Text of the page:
Plans to bring homes to abandoned golf course gets pushback

Posted at 10:42 PM, Aug 17, 2017
and last updated 2017-08-18 07:27:14-04

A plan to develop an abandoned Cape Coral golf course could be moving closer to reality, despite opposition from residents.

The Golf Club of Cape Coral is located between Palm Tree Boulevard and Country Club Boulevard. The 175-acre site hasn't been used as a golf course for over a decade, but now the nation's largest residential construction company is hoping to put it into use as a residential community.

D.R. Horton Inc. would like to construct 600 single family homes on the site. The company is slated to present their development plan to Cape Coral's city council on Monday.

Council members will be asked to vote on D.R. Horton's request for a land use permit change from recreational to residential.

As you approach the abandoned golf course, there are small signs in several lawns expressing opposition to D.R. Horton's development plan.

"We rather not see houses back there,' said Pamela Engstrom. "We have our lanai in the back and it's a nice private view," she added.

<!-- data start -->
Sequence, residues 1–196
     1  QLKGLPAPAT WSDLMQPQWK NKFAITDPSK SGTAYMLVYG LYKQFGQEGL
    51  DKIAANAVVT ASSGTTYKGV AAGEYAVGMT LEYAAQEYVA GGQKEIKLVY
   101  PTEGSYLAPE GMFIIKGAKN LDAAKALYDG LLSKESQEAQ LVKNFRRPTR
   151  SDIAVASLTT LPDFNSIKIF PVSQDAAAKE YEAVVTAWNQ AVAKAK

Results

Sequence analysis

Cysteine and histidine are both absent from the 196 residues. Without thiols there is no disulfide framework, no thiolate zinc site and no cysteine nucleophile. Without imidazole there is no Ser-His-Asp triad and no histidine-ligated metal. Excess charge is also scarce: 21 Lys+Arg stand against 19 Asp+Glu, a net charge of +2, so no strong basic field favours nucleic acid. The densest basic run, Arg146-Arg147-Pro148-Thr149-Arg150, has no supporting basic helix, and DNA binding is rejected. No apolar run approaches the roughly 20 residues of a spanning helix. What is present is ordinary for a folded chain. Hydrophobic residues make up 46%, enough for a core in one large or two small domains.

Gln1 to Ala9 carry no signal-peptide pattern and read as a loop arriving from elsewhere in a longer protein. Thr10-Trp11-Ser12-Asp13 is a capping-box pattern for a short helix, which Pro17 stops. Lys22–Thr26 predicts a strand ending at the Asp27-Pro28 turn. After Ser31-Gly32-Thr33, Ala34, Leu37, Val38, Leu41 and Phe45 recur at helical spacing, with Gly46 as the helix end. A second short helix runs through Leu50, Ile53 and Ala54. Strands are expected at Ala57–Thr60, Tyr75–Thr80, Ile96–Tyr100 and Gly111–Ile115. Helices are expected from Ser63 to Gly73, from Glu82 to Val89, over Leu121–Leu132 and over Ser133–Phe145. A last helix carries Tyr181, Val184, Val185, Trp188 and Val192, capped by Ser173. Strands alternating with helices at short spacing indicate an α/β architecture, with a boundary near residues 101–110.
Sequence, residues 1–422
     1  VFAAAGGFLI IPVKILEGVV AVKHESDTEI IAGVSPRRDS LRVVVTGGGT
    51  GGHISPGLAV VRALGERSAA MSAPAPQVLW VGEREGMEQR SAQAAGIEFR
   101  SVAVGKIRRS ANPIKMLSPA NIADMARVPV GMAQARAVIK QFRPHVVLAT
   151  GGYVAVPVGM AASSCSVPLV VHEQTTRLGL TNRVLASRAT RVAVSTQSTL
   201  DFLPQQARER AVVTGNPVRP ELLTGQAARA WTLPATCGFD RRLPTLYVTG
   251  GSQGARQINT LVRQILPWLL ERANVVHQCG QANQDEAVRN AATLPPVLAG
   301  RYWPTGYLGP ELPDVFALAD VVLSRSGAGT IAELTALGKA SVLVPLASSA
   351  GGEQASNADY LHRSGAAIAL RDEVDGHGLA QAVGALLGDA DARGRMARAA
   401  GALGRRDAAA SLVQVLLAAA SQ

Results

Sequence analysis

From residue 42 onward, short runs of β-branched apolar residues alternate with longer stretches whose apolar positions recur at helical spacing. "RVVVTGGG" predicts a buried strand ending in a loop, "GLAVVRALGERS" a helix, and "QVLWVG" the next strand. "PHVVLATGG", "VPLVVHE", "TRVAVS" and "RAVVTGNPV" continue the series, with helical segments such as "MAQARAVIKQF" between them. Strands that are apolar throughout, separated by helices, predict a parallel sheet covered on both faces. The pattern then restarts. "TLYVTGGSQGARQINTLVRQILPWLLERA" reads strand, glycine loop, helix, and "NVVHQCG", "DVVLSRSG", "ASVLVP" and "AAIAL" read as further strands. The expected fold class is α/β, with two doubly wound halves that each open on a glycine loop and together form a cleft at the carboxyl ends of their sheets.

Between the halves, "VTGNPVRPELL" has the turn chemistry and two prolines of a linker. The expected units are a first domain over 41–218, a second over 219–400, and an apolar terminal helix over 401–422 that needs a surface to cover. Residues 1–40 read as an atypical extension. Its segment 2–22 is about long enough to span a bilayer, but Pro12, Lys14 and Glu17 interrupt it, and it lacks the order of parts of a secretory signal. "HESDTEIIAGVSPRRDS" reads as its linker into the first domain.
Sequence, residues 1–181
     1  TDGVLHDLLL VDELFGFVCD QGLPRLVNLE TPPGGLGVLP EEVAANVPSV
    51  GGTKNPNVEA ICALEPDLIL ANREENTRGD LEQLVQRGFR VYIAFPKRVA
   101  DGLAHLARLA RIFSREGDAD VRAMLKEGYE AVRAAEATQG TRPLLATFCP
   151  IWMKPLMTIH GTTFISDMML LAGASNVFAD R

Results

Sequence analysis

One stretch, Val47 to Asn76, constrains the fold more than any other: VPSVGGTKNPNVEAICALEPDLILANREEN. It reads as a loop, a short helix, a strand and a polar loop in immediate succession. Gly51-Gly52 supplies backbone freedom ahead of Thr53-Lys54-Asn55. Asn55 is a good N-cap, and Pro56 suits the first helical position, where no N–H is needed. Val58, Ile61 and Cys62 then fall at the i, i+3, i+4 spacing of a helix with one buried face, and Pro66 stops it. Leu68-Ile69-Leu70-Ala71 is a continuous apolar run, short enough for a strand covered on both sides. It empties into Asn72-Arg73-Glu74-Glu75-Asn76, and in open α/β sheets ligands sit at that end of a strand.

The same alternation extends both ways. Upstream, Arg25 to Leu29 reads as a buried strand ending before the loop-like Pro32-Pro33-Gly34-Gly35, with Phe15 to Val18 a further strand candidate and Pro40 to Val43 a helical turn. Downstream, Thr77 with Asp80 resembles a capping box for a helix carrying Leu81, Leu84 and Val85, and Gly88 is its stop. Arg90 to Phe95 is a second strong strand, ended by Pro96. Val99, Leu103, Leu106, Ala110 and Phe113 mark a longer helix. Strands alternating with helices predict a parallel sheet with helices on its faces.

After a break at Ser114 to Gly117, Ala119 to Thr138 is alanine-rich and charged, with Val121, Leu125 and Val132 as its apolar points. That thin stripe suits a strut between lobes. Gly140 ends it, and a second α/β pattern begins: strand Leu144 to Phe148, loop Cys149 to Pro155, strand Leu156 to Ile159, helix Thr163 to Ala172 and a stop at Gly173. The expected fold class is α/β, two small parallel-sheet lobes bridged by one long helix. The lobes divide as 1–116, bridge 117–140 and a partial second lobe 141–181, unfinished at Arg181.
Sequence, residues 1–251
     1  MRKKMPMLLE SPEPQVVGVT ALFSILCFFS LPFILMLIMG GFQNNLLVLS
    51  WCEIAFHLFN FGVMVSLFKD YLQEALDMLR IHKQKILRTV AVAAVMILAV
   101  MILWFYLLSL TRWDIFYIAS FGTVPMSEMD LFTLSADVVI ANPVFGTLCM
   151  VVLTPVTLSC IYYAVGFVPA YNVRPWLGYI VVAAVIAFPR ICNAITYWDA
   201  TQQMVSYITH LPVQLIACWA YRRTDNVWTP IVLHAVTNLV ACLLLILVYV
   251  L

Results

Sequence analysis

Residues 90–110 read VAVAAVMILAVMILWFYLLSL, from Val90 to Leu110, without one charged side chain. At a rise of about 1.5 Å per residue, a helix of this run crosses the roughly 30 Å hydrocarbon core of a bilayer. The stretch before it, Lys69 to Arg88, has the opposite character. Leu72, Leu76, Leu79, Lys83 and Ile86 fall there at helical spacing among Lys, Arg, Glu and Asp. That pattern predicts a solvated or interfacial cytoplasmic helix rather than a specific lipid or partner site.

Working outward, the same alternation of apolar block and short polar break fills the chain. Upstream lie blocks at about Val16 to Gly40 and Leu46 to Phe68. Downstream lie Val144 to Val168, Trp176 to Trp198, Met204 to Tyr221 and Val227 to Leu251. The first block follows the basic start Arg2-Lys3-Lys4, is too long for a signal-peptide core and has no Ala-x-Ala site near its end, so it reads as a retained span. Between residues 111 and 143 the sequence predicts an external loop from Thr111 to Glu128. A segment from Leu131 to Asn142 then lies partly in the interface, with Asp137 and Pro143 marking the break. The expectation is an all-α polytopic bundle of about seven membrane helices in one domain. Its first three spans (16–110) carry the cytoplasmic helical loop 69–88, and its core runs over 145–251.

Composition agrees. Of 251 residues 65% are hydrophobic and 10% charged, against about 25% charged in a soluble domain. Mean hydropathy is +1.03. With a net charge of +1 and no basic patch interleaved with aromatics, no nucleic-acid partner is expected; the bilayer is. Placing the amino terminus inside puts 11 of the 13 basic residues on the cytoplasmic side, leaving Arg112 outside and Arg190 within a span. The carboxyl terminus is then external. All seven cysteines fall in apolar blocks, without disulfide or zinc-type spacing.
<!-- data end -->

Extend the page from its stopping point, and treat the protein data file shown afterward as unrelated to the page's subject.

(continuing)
The 175-acre lot is right behind her backyard.

"We see coyotes, we have raccoons," said Engstrom. Some residents believe wildlife encounters could increase if the lot is developed. The main concern; however, is traffic.  

"If you have 600 homes go in there you're going to multiple the traffic by 60 times," said Engstrom.

D.R. Horton is still negotiating a deal to purchase the land, however they plan to donate 11.5 acres to the city to be used as a public park if the deal is finalized.

Save Our Recreation, a group created to protest to development plan, doesn't believe the donation is generous enough.

"[Residents] want to protect this as an open space amenity; as a green space;  as a natural area. There's also some very interesting wildlife on the site," said Max Forgey, Save our Recreation member.

In a phone call, Southwest Florida Division President Jonathon Pentecoast told Four In Your Corner the company has worked with city officials to meet their requirements for the site.

"Whatever they do back there I hope they do something like, into a park, or something that would keep it serene," said Engstrom.